This year, Ford also is testing a fleet of 20 Transit Connect hybrid taxi and van prototypes in demanding traffic conditions in New York and several other major U.S. cities.
    • By William Maley
      Ford is looking to make big strides in autonomous vehicles. Last year, CEO Mark Fields said that by 2021, the automaker would have a Level 4 self-driving vehicle (minus the steering wheel and pedals for the gas and brake) for ride sharing services. Then Fields said the Blue Oval would offer self-driving vehicles to consumers by around 2025. However, Ford's vice president of research and advanced engineering has put the brakes on this slightly, saying it might be closer to ten years after that first fleet implementation.
      “It’s really hard to guess and predict the pace of the technology. Our current view is the adoption rates will be relatively gradual,” said Ken Washington at a keynote address for the SAE WCX World Congress Experience.
      That doesn't mean that Washington believes self-driving cars will not to come to fruition for consumers, it will take a little bit longer for it to happen.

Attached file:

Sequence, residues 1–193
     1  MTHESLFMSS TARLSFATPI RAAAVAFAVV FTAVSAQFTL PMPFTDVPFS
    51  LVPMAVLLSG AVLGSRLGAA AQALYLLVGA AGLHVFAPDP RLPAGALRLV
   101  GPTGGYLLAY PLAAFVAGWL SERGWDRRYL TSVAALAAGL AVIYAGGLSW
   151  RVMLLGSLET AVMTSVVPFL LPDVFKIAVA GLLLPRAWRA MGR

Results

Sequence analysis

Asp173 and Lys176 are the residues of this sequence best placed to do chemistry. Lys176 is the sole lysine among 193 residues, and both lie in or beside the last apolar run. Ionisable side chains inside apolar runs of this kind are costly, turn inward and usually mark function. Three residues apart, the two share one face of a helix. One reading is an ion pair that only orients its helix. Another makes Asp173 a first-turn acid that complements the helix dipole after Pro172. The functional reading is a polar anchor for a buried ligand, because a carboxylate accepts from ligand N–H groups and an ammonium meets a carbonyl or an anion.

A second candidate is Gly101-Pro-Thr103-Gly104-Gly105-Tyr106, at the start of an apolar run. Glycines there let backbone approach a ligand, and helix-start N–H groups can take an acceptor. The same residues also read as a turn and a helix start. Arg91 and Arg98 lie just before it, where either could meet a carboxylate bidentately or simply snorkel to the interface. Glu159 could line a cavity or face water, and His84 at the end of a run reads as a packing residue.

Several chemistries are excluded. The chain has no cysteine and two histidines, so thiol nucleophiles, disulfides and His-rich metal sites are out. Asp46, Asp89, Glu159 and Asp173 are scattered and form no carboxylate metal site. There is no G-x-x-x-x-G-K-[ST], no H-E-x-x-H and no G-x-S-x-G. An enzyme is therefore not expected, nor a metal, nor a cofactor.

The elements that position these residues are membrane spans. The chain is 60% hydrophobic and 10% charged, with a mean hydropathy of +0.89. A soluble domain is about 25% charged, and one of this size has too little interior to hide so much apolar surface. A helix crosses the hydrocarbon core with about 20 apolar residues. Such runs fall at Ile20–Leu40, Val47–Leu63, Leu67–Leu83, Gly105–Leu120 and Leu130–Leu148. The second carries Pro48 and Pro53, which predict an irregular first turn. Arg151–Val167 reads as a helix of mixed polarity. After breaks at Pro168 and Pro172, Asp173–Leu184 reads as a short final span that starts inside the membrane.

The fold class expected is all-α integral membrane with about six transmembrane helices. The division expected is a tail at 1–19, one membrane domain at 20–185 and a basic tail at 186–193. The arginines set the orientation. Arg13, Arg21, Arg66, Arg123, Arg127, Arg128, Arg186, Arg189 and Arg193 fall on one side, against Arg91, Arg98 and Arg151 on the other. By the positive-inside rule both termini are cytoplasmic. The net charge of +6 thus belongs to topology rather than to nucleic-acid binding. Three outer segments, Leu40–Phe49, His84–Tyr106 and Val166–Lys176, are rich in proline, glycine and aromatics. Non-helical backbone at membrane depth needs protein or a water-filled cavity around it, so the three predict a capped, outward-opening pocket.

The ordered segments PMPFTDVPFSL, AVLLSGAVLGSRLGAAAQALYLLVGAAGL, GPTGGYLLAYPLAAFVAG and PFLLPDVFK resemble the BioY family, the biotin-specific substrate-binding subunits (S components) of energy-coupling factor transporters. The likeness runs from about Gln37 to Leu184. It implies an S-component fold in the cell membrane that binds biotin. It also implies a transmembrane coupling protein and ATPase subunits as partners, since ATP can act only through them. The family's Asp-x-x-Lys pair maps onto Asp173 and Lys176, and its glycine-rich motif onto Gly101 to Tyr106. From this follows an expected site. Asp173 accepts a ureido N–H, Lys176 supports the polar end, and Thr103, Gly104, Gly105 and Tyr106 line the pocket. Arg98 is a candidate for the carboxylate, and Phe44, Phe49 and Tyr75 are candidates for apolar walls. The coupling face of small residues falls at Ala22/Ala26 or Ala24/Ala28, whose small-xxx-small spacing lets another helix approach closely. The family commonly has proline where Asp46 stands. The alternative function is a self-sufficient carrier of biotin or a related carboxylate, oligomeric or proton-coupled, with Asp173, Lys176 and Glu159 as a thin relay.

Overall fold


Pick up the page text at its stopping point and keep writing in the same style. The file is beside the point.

“This is not science fiction. This is not a research project. This is something we’re going to make happen, and others will, too.”
      Source: Automotive News (Subscription Required)

      View full article
    • By William Maley
      Ford is looking to make big strides in autonomous vehicles. Last year, CEO Mark Fields said that by 2021, the automaker would have a Level 4 self-driving vehicle (minus the steering wheel and pedals for the gas and brake) for ride sharing services. Then Fields said the Blue Oval would offer self-driving vehicles to consumers by around 2025. However, Ford's vice president of research and advanced engineering has put the brakes on this slightly, saying it might be closer to ten years after that first fleet implementation.
      “It’s really hard to guess and predict the pace of the technology. Our current view is the adoption rates will be relatively gradual,” said Ken Washington at a keynote address for the SAE WCX World Congress Experience.
      That doesn't mean that Washington believes self-driving cars will not to come to fruition for consumers, it will take a little bit longer for it to happen.
      “This is not science fiction. This is not a research project. This is something we’re going to make happen, and others will, too.”
      Source: Automotive News (Subscription Required)
  • Recent Status Updates

  • Who's Online (See full list)